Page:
Antarctica has a marked effect on the large-scale atmospheric circulation over the Southern Ocean. Heat sources and sinks, and mountain barriers, have a strong influence on the "standing wave patterns" in the atmosphere that set up the background environment under which smaller scale weather systems develop and move. Antarctica not only affects the atmosphere directly in this way, but its asymmetry about the Pole produces a corresponding asymmetry in ocean temperatures at high latitudes. At 55°S, surface water temperatures in the South Atlantic and South Indian Oceans are about 5°C colder than in South Pacific longitudes.
Numerical simulations of atmospheric flow still have a number of shortcomings, and the errors tend to be largest in polar latitudes. The relative contributions of the heat sink and land mass effect of Antarctica remain to be more precisely defined, but models are sufficiently meaningful to demonstrate that the presence of Antarctica has widespread effects on the Southern Hemisphere circulation.
Present research efforts, directed towards a better understanding of the role of Antarctica in the global climate system, are both observational and theoretical in nature, supported by numerical modelling. Antarctica represents a major global heat sink which sets up the temperature gradient that drives the atmospheric circulation of the Southern Hemisphere. Any high latitude changes can therefore have far-reaching consequences on, for example, cyclone tracks over the Southern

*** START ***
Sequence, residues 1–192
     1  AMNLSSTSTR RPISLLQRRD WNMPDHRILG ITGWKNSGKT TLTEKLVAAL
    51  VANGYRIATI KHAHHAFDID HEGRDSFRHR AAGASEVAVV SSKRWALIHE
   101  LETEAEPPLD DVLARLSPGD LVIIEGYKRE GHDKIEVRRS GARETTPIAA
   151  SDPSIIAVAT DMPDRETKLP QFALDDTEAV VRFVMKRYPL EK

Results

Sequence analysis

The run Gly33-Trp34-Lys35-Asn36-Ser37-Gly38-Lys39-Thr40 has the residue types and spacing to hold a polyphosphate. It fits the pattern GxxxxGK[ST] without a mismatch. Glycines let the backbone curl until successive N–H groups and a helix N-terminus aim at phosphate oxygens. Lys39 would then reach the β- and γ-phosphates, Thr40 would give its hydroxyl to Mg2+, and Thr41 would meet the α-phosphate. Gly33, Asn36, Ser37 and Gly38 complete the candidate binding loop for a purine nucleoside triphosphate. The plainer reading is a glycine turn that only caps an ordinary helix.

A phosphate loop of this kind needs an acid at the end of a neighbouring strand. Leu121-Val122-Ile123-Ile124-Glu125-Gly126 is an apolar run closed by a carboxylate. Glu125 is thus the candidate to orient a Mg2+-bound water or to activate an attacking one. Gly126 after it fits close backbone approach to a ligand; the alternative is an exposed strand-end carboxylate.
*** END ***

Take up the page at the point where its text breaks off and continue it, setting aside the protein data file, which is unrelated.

Ocean and thus on the regional climates of middle latitude land masses. Climate studies have also shown the sensitivity of high latitudes to global climate changes. The possible break-up of the West Antarctic Ice Sheet under the predicted "greenhouse" warming, and the appearance each spring since about 1980 of a "hole" in the ozone layer, are two examples of how global climatic variations can be amplified by the unique conditions of the Antarctic atmosphere and oceans.